Author Archive

The Point Four-ward: Brewer(y) Tour

Wednesday, November 19th, 2014

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Four points I’m thinking about the NBA and the Cleveland Cavaliers…

1.) Over the weekend, reports surfaced that the Cavs were interested in trading for Corey Brewer of the Minnesota Timberwolves. The Cavs have the trade exception they acquired in the Keith Bogans merry-go-round and, therefore, would not have to include a player in the trade. The Wolves are said to be looking for “future assets” in exchange for freeing up their glut on the wing and the Houston Rockets have also been listed as a potential trade partner. The Cavs roster stands at 15 right now, so if they don’t include a player in the trade, one would have to be released.

If this trade happens, Brewer likely slides right into the starting lineup, moving Shawn Marion back to the bench. At 6-9, Brewer brings tremendous length to both the shooting guard and small forward spots. Outside of being Kevin Love’s preferred touchdown target for his outlet passes, Brewer has never been known for his offense. He’s never developed into even an average three-point shooter (29% for his career), but he has a tendency to find ways to contribute across the box score.

2.) The Cavs interest in Brewer seems to come down to two things: a.) his relationship with Love and b.) the Cavs front office realizing that their defense is even worse off than they thought coming into the season.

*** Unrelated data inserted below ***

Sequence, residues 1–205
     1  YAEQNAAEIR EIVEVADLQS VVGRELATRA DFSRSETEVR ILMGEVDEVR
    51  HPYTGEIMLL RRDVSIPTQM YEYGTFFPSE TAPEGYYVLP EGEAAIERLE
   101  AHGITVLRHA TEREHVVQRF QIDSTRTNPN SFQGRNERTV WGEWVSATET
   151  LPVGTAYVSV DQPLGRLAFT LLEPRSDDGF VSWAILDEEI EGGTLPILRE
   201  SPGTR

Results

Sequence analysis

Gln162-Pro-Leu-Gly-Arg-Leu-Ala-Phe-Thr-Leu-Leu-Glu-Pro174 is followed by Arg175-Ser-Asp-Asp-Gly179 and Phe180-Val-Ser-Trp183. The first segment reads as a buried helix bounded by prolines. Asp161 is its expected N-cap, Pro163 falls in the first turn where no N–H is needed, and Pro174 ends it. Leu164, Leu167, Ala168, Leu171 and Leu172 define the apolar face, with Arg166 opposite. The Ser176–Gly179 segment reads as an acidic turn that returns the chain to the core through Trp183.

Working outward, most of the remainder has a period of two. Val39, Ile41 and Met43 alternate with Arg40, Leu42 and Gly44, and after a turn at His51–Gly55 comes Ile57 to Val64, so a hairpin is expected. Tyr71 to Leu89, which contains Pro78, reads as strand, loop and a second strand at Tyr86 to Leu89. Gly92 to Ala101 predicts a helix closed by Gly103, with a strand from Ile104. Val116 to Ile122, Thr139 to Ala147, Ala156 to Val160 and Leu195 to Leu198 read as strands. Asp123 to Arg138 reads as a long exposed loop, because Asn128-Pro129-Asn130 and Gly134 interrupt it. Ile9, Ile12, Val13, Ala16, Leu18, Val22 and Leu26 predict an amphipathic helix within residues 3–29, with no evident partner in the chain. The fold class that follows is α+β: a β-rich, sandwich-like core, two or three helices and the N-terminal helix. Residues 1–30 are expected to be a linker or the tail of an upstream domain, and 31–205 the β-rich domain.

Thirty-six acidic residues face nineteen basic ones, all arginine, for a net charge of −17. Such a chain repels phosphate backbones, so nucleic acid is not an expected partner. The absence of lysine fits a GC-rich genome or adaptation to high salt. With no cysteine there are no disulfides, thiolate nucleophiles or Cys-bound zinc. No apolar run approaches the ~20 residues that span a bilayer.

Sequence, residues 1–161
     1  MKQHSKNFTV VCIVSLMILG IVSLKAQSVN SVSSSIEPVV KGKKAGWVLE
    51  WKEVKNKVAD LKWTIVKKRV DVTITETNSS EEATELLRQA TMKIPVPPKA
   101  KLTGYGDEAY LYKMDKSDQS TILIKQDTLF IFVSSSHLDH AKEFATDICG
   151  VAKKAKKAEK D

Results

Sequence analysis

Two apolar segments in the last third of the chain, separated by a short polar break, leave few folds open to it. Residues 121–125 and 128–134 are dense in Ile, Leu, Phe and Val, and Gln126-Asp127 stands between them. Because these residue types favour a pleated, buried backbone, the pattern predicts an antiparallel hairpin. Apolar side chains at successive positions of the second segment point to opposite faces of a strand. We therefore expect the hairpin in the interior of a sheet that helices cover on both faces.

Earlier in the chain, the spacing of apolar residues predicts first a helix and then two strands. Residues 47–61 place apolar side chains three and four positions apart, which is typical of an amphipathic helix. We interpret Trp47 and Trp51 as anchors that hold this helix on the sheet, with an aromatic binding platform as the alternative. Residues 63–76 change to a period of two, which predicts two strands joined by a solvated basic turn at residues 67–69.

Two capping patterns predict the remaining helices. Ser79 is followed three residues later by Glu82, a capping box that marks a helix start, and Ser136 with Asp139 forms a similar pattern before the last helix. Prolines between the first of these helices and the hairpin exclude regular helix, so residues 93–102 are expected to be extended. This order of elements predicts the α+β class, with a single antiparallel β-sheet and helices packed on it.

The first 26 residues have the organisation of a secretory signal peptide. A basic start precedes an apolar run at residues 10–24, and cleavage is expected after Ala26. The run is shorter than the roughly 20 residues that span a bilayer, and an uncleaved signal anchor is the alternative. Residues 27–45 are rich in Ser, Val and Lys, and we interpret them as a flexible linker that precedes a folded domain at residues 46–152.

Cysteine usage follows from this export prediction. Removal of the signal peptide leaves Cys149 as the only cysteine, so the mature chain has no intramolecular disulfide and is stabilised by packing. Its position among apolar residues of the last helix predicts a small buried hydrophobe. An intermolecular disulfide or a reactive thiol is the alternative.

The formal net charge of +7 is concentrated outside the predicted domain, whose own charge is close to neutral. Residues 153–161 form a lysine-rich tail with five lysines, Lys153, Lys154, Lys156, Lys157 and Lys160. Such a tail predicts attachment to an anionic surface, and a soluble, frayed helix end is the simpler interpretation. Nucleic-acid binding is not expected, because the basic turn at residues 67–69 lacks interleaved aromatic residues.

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Fantasy Notebook: It’s Cavs/Wizards Week!

Monday, November 17th, 2014

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The NBA and your fantasy team are ready to kick off Week Four with a particularly fun fantasy/reality wrinkle for Cavs fans. The 5-3 Cavaliers visit the 7-2 (as of now) Wizards with some early season bragging rights on the line.

For the Wiz: On Saturday, Beal announced that he would begin practicing with the Wizards this week and was eyeing Friday’s game against the visiting Cleveland Cavaliers to make his return. Wizards coach Randy Wittman hasn’t confirmed Beal’s return date, but the third year shooting guard is expected to practice on Monday for the first time since suffering a non-displaced fracture to his left (non-shooting) wrist back in October. In Beal’s absence, Wittman has been starting Garrett Temple, who had become a fantasy darling with a torrid stretch of minutes/points/rebounds. Temple has, not surprisingly, come back to earth recently, scoring just over four points a game over his last four. Expect Temple’s reintroduction to gravity to continue as Beal begins to work himself back into the Wizards lineup.

 

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The Point Four-ward: Sputter, Sputter, Sputter, Vroom

Wednesday, November 12th, 2014

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Four points I’m thinking about the Cleveland Cavaliers and the NBA…

1.) As recently as last year, people were describing LeBron James as being one of the fastest players in the NBA. While perhaps not tops in terms of sheer speed, James’s ability to cover large swaths of the court in precious few strides made him one of the quickest players his size ever. That’s why so much is being made of the relative snail’s pace of his play this season. What Cavs fans have seen thus far is one of the most athletic players in league history running and jumping like he’d added 20 pounds in the off-season rather than dropped it.

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Fantasy Notebook: Fantasy Bad

Monday, November 10th, 2014